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9 out of 10 women happy with maternity care

Hon Steve Chadwick
Associate Minister of Health

9 May 2008
Media Statement
9 out of 10 women happy with maternity care

Nine out of 10 women are happy with the maternity care they received, according to the report on the Maternity Services Consumer Satisfaction Survey 2007 launched today by Associate Health Minister Steve Chadwick.

"This is wonderful news for New Zealand women and their families. The survey demonstrates that our services are working well for the vast majority of women," Steve Chadwick said.

“Ninety per cent women gave birth and received post-natal care where they wanted to, and a similar proportion expressed overall satisfaction with their hospital stay.”

The survey also showed that women are better informed about maternity services and the majority felt well looked after by their lead maternity carer (LMC).

“Women, midwives and other maternity providers highly value our model of care and the seamless maternity services provided in New Zealand. I congratulate all the people and organisations that provide and support maternity services for their care and effort.”
The survey canvassed the views of 2936 women who gave birth to live babies
in New Zealand during March and April 2007. The objective of the survey was to obtain women’s perceptions of maternity services, and to assess whether there has been any change since women were last surveyed in 2002.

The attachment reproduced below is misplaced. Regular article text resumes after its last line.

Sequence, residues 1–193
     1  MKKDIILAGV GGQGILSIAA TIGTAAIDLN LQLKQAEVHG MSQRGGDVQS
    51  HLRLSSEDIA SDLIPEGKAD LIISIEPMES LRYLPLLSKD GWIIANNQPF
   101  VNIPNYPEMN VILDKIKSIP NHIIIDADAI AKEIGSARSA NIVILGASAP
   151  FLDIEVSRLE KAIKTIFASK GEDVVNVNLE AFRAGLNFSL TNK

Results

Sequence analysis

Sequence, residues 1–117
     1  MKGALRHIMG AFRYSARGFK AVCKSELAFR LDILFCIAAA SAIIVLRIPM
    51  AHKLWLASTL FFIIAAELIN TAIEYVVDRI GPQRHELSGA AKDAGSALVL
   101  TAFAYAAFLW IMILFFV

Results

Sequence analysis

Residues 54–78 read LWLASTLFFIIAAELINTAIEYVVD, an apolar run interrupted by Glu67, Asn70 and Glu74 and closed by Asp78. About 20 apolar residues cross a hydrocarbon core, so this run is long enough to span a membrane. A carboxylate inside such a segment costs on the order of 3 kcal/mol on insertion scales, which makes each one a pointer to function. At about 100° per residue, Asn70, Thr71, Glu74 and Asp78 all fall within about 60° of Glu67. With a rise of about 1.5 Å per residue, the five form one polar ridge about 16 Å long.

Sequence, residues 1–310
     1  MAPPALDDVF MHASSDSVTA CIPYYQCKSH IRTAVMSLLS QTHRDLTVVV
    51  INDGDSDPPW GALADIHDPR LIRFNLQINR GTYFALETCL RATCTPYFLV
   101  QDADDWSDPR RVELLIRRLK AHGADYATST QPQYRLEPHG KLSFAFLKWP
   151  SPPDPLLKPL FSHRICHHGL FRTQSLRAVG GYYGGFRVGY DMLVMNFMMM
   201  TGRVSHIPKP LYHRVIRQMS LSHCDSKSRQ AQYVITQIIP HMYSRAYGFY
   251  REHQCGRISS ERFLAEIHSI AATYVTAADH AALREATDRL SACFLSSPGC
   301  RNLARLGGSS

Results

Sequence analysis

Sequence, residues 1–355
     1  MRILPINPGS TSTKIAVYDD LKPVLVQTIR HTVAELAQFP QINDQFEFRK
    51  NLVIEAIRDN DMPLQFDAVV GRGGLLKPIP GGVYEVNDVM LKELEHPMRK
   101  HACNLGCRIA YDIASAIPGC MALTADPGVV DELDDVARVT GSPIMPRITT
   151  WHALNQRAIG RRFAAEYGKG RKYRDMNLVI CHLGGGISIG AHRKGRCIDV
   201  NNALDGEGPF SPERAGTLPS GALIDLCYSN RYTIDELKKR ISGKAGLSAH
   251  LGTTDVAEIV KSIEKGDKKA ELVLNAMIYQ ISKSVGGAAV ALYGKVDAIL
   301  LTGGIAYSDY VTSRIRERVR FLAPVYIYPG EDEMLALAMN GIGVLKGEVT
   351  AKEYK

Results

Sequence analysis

All key areas of maternity services (antenatal care, lead maternity care, hospital stay, and postnatal care) scored satisfaction levels of 90 per cent or higher.

“Compared to 2002, the latest survey found a greater percentage of women had difficulty finding a suitable LMC – this was not a surprise to us but is something the government and sector groups are working together to address.”

To address the shortage of midwives, the Ministry of Health has implemented a range of initiatives, including a pilot scheme to mentor first-year midwifery graduates as they join the workforce, providing funding support for rural midwives who face high travel costs, and increasing pay rates under the Section 88 Notice.

"New Zealand has a world class maternity system. These results show there have been improvements in key aspects of care and reflect a very high level of satisfaction with maternity services," Steve Chadwick said.

The report is available at: www.moh.govt.nz/maternity
Speech available at: www.beehive.govt.nz/chadwick

--

Maternity Services Consumer Satisfaction Survey 2007


Summary of key findings

Overall findings
Overall the survey showed a very high level of satisfaction with maternity services and indicated that the vast majority of women are happy with the maternity care they received. The key areas of maternity services – antenatal care, lead maternity care, hospital stay, and postnatal care – all scored satisfaction levels of 90 per cent or higher.

Antenatal Care
* 96 percent were satisfied with the care they received (78 percent said they felt “well looked after” and 18 percent felt that the care was satisfactory)
* women report high levels of satisfaction with care from Specialist Obstetricians